Venus and Jupiter conjunction to be visible in dawn sky

Early Monday morning, you have the chance to see the two move very close together.

Venus, which is the much smaller of the two planets, appeared larger and brighter due its closer proximity to Earth, being 162 million miles away compared to 365 million miles to Jupiter. The two planets will be positioned right next to each other in the sky, with Jupiter sitting slightly higher up than Venus.

Conjunctions between Venus and Jupiter are far from rare events - taking place at mean intervals of 13 months.

Stargazers today (Nov. 13) might have noticed Jupiter and Venus appear to be on a collision course as the morning sun began its roasting of the pre-dawn sky. Viewers in NY will see the Jupiter rise first at 5.26am, with Venus coming at 5.31am, according to

Venus will rise at 5.56 GMT, followed by Jupiter two minutes later, with the actual moment of conjunction occurring at exactly 06.05 GMT. For most Aussies, the celestial display will only be visible for approximately 15 minutes before sunrise and won't climb more than about 7 degrees above the horizon. But here too the maximum altitude is about 11 degrees, which requires a relatively unobstructed eastern view. For scale, the graphic shows a section of the horizon two spans of an outstretched hand at arm's length wide, while the circular inset shows a simulated 100× magnification erect-image telescope view.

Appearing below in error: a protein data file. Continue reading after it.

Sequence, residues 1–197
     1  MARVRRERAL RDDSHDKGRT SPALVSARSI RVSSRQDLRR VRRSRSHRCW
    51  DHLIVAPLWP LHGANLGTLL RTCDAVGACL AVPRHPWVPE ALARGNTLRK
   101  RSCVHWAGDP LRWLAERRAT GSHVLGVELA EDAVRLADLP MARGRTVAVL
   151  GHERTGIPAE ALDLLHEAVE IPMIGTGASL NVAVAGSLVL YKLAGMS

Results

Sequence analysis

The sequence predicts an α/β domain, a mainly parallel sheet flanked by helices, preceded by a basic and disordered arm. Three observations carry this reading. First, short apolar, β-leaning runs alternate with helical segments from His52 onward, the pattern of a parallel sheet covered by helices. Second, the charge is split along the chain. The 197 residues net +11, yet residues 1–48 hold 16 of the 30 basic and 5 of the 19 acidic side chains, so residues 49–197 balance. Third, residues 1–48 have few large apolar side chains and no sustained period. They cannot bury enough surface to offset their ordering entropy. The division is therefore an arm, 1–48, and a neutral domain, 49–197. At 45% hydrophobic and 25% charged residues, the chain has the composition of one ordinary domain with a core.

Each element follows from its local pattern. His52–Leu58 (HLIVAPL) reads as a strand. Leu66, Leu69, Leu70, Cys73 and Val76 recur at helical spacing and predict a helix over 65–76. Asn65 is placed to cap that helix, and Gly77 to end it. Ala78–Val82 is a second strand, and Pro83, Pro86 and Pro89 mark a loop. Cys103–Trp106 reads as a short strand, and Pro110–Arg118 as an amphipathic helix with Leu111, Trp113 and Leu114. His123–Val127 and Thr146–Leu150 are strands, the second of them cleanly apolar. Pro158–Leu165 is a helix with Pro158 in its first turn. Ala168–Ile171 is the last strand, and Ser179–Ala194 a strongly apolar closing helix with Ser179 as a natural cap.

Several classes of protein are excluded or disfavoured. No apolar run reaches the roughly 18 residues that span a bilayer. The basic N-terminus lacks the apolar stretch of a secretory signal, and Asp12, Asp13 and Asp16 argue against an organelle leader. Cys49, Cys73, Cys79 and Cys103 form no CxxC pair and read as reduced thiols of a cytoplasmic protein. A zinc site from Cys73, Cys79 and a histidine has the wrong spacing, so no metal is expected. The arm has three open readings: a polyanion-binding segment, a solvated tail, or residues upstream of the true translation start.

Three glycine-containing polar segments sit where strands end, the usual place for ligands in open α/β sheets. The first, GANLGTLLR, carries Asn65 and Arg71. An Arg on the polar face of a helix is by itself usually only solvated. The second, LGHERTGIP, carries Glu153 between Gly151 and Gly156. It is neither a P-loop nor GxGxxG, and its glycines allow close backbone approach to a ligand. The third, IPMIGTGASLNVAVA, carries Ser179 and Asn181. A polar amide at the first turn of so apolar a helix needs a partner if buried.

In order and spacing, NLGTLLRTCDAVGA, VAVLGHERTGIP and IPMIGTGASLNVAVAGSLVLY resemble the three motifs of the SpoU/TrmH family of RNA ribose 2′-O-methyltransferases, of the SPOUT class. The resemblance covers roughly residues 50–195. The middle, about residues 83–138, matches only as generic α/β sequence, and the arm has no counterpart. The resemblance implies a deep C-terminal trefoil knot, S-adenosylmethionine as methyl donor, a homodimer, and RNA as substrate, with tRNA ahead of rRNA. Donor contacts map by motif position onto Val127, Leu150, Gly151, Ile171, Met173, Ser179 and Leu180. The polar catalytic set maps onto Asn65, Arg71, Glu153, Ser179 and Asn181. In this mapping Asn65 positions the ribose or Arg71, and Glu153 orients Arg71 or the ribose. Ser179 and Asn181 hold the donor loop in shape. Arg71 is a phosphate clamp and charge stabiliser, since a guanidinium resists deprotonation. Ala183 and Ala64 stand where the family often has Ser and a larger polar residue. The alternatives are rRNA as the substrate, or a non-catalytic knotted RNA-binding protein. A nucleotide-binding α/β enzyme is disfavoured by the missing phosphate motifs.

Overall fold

Interesting fact: the planets are actually over 400 million miles apart, making the illusion of closeness even more cool.